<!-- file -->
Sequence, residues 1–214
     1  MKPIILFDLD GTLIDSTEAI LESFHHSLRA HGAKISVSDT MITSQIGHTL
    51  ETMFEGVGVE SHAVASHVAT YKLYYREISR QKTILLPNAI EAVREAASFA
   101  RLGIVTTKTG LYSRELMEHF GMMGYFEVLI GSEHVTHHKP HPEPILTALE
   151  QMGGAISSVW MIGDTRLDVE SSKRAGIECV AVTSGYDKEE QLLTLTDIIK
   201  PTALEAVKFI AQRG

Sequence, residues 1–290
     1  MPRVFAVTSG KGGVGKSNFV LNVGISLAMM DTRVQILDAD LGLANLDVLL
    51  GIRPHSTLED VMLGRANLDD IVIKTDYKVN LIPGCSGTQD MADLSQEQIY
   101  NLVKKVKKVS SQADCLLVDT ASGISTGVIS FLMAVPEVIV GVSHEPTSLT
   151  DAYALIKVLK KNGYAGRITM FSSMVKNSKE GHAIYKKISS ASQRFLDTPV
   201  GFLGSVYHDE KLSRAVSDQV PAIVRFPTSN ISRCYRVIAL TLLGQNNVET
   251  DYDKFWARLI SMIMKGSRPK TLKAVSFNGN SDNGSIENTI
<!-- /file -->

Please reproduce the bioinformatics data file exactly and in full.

Sequence, residues 1–214
     1  MKPIILFDLD GTLIDSTEAI LESFHHSLRA HGAKISVSDT MITSQIGHTL
    51  ETMFEGVGVE SHAVASHVAT YKLYYREISR QKTILLPNAI EAVREAASFA
   101  RLGIVTTKTG LYSRELMEHF GMMGYFEVLI GSEHVTHHKP HPEPILTALE
   151  QMGGAISSVW MIGDTRLDVE SSKRAGIECV AVTSGYDKEE QLLTLTDIIK
   201  PTALEAVKFI AQRG

Sequence, residues 1–290
     1  MPRVFAVTSG KGGVGKSNFV LNVGISLAMM DTRVQILDAD LGLANLDVLL
    51  GIRPHSTLED VMLGRANLDD IVIKTDYKVN LIPGCSGTQD MADLSQEQIY
   101  NLVKKVKKVS SQADCLLVDT ASGISTGVIS FLMAVPEVIV GVSHEPTSLT
   151  DAYALIKVLK KNGYAGRITM FSSMVKNSKE GHAIYKKISS ASQRFLDTPV
   201  GFLGSVYHDE KLSRAVSDQV PAIVRFPTSN ISRCYRVIAL TLLGQNNVET
   251  DYDKFWARLI SMIMKGSRPK TLKAVSFNGN SDNGSIENTI